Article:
Designated hitter

From Academic Kids

A designated hitter, or DH, is a baseball player who is chosen at the start of a game to bat in place of any defensive player in the lineup, however it is used almost exclusively for the pitcher. While in the lineup, the designated hitter may not play a field position, and he may only be replaced by another player not currently in the lineup. If the designated hitter becomes a regular position player at any point during the game (usually by substituting for another player), his team forfeits the designated hitter position and the pitcher must bat in the substituted player's spot in the batting order.

Originally, the rules of Major League Baseball stated that each player had to bat in his spot in the order. This meant that pitchers didn't get to bat every day like other players, as they only took the field every four or five days at most, and so were usually not very effective hitters. (Babe Ruth was one notable exception; he began his career as a pitcher for the Boston Red Sox.) Decades later, in an effort to combat both declining attendance and declining offense, the American League adopted a rule stating that a team could designate a hitter to bat for the pitcher. This changed the game in several ways; pitchers went deeper into games because they didn't need to be lifted for a pinch hitter, the double switch became unnecessary, and older players whose careers and skills were on the wane had a chance to play for an extra year or two. George Brett, Carl Yastrzemski, and Paul Molitor were all able to extend their careers as designated hitters. Ron Blomberg is regarded as the first designated hitter in major league baseball history, appearing at the plate for the first time on April 6, 1973. He played for the New York Yankees in a game against the Boston Red Sox at Fenway Park. He was walked by Red Sox pitcher Luis Tiant in his first plate appearance.

A team that uses the designated hitter rule has, in general, two options on how to use designated hitters. They can either rotate the DH spot among players in the lineup so as to give the players a bit of a rest without removing them from the lineup, or they can employ a full-time designated hitter. Players in the latter category include Edgar Martinez of the Seattle Mariners, who had a long career as a DH despite problems with his legs and weaker defensive numbers.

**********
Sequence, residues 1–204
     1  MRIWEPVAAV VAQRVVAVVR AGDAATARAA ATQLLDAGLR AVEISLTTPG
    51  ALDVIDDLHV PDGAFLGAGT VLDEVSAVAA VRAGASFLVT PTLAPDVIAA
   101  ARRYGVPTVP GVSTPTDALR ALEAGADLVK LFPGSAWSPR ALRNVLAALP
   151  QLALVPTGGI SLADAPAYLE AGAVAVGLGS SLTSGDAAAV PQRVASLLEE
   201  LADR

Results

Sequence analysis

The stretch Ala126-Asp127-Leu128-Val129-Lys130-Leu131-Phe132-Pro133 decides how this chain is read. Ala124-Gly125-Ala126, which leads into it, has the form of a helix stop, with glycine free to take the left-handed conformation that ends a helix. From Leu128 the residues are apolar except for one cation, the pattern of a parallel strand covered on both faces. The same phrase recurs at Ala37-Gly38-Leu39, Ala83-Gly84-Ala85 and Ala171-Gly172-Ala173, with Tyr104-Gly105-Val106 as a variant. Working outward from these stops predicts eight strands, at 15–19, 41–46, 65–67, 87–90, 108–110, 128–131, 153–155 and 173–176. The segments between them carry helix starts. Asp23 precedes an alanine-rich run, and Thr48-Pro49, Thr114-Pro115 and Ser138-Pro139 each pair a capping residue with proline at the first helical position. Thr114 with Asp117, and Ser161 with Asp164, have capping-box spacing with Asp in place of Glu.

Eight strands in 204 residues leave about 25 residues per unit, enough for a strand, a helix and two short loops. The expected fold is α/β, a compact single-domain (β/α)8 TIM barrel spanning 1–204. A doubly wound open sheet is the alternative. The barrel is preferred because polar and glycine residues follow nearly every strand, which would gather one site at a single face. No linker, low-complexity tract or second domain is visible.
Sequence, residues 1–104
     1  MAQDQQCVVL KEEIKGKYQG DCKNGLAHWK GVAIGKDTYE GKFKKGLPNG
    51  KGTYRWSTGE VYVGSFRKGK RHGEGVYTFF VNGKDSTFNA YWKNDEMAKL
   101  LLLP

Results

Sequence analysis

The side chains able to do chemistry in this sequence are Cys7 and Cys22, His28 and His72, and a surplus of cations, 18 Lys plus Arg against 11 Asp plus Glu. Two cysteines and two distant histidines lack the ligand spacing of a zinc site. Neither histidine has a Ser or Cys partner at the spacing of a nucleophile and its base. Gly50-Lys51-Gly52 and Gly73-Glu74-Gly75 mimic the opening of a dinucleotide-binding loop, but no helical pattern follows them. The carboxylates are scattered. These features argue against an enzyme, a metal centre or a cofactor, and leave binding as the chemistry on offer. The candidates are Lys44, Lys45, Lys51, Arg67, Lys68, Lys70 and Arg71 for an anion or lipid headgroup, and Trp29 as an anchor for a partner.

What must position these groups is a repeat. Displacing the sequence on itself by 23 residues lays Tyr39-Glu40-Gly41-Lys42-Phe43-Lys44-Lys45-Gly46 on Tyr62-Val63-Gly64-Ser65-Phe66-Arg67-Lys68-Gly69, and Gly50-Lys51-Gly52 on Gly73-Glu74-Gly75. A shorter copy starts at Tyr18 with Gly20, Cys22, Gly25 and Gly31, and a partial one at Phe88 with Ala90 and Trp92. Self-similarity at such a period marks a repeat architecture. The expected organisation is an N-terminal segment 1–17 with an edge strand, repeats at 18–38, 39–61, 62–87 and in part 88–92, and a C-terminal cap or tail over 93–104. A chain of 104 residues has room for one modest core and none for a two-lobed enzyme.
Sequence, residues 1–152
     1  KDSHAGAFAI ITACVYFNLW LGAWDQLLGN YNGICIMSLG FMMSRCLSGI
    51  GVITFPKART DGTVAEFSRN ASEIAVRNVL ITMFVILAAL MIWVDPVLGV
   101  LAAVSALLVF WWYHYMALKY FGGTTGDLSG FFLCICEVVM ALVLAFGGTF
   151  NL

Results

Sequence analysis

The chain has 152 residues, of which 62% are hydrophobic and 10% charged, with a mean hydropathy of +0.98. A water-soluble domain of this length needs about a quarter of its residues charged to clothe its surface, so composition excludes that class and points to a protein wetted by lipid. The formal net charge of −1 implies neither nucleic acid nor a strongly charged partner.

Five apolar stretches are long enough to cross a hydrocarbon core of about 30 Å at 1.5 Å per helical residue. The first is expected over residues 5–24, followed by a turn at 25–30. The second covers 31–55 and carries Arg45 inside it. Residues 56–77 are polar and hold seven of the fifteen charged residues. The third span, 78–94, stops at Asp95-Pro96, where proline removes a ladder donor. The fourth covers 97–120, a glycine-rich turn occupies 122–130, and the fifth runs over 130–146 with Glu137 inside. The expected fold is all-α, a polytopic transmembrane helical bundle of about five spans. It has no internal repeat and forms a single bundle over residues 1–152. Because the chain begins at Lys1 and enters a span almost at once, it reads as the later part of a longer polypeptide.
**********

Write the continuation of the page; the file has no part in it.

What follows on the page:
There is a great deal of controversy about whether the designated hitter rule should be continued. Purists complain that it breaks up the symmetry of the game, whereas advocates like the increased offensive output. Whether one is in favor of the designated hitter rule often depends on whether his or her favorite team is in the American League (which uses the designated hitter) or the National League (which does not).

The arguments for and against the designated hitter rule extend beyond the theory of what true baseball is. There are more practical reasons argued. Since American League pitchers do not have to bat, they may be more likely to intimidate opposing batters with brush-back pitches and beanballs, knowing that they will not not have to enter the batter's box and deal with possible retaliation from the opposing pitcher. However, the absence of a designated hitter has led to better pitching statistics in the National League, as each team's pitcher is often a weak hitter with a poor batting average.

When games are played between American League and National League teams during regular season interleague play, the All-Star Game, or in the World Series), the rules of the league of the home team are the ones followed. (From 1976-1985, the designated hitter rule was used in all World Series games played even-numbered years, with pitchers batting in odd numbered years.) Thus, when a National League team plays in American League ballparks, the team receives the benefit of a stronger hitter in its lineup instead of the pitcher. Conversely, when American League teams play in National League ballparks, they gain a disadvantage, as their pitchers do not bat very often during the regular season.

See also


de:Designated Hitter ja:指名打者


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